While a picture is worth a thousand words, some images tell stories which change the course of humanity and whose values are immeasurable by any standard known to mankind. Such is the case of the photograph taken in 1968 by the crew of Apollo 8 and became globally known as “Earthrise.”

Neil DeGrasse Tyson explains:

Today the Blue Planet marks not only the 50th anniversary of Earth Day, but even during a global pandemic and social distancing, the world is coming together in one common goal, Climate Action. The vision is straightforward and simple. From the website:

“Our world needs transformational change… As an individual, you yield real power and influence as a consumer, a voter, and a member of a community that can unite for change… When your voice and your actions are united with thousands or millions of others around the world, we create a movement that is inclusive, impactful, and impossible to ignore… The time is long overdue for a global outpouring of energy, enthusiasm, and commitment to create a new plan of action for our planet. Earth Day 2020 can be the catalyst that galvanizes an unparalleled global collaboration.”

How can you help S.A.V.E. our planet?

For 24 hours “Earth Day Network” will be inspiring change with streaming content bringing viewers together for performances, teach-ins, calls to action, and global conversations meant to empower people to make a better environmental future for our planet.

Earth Day Network LIVE

“We must build the largest, most diverse online mobilization in history in defense of the environment. Our world needs a united response for bold action.

On Earth Day 2020, we say enough is enough.
We say we believe in science. We say that everyone can make a difference.
We say that the protection of our planet and the wellbeing of the people who live upon it are the top priorities.
On Earth Day 2020, we say that we’re committing to vote, we’re registering to vote and we’re showing up to vote.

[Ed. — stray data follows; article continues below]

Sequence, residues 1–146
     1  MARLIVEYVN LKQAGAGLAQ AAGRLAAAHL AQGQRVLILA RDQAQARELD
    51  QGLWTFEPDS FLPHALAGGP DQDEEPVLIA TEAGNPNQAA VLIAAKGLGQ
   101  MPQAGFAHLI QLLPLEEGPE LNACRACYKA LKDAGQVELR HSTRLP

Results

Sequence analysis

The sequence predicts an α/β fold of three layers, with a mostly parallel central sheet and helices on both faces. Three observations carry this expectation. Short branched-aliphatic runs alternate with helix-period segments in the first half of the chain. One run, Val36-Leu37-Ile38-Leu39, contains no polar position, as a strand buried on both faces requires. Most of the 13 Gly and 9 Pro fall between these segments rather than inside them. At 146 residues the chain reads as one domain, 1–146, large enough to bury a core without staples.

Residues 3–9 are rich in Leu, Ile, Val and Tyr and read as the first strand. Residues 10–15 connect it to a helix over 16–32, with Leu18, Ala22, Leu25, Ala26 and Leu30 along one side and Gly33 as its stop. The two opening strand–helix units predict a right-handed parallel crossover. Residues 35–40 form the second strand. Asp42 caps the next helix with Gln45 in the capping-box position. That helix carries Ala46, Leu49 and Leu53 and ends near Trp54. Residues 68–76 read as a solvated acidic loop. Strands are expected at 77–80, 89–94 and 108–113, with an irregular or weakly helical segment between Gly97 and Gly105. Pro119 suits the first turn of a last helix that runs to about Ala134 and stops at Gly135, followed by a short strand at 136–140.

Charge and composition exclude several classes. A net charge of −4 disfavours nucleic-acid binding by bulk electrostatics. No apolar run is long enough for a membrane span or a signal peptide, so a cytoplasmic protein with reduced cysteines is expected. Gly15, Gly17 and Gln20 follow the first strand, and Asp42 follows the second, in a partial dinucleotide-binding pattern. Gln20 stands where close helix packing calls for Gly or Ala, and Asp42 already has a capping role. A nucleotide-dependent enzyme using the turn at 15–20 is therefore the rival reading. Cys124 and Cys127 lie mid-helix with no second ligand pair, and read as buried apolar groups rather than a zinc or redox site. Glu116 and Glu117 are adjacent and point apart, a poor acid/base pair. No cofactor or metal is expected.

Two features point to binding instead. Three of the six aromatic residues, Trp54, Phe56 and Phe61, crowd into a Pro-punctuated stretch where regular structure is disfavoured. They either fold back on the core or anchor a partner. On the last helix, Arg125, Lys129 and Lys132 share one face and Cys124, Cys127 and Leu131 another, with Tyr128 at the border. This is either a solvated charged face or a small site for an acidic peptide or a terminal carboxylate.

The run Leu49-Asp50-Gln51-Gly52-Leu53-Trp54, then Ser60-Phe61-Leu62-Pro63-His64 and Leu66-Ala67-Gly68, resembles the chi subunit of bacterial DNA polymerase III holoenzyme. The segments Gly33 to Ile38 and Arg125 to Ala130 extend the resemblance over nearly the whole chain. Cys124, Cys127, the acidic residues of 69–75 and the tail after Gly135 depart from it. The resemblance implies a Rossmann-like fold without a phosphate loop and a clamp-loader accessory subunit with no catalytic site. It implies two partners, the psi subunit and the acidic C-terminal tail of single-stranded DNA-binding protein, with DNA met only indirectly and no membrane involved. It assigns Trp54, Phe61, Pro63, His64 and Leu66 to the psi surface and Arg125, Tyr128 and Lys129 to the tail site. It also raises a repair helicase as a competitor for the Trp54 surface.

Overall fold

Human health and planetary health are inextricably linked.
Learn more about Earth Day activities, Climate Change information, and joining forces with others around the world making a difference in their future at

Our Planet Our Home credit: Ernesto Yerena Montejano)

Lawrence Pfeil, Jr., is a freelance writer/playwright who has reviewed film and theatre, both on and off-Broadway, for media outlets including The Randy Report, the New York Blade, and Edge Publications. You can follow him at

Guest Post: Belonging With Buttigieg

Pete Buttigieg on the campaign trail (all photos – PeteForAmerica)

Guest post by Joshua Grotheer

At a time when it’s “us” vs. “them” or left vs. right or red vs blue, I’m tired.

I’m tired of the fighting. I’m tired of the hate. I’m tired of the divisiveness of politics. I’m tired of losing friendships over who someone voted for or supports. I’m tired of hurtful conversations while sitting in the church pew or around the family table.

As the gay son of a United Methodist preacher and raised with Fox News on the television, I’ve always felt that I didn’t belong. I didn’t belong in my church, in my own home or in my Southern conservative community.

Thankfully I attended a performing arts high school that celebrated those of us who were different.

In college, I knew that my social and political beliefs were different from my family. I also knew it was okay to be different.

Now, at 32 and a self-proclaimed “recovering United Methodist” I am drawn to a candidate for president who has built his entire campaign around inclusion and belonging.

You see, Pete Buttigieg knows what it’s like to be different. An out gay man who is also deeply religious isn’t something I ever thought possible, much less presidential. He sees the differences in humanity and is celebrating our differences by uniting us with shared values.

If the last three years have taught me anything, it’s that I’m ready for a breath of fresh air in Washington.

Pete and Chasten Buttigieg

I’m ready for something different.

I’m ready for an outsider who understands the marginalized.

I’m ready for a president that leads with values.

I’m ready for a president that acknowledges that God does not belong to a political party.

I’m ready for decency to return to the White House and to the Office of the President.

I’m ready for someone better.

I’m ready to vote for a 38-year old Naval Intelligence officer who is a devout Episcopalian from the Midwest who makes me feel hopeful.

I’m ready to vote for someone who is uniquely positioned to bridge the divides tearing this country apart.

I’m ready to vote for Pete Buttigieg for President.


Follow Joshua Grotheer on Twitter @joshuagrotheer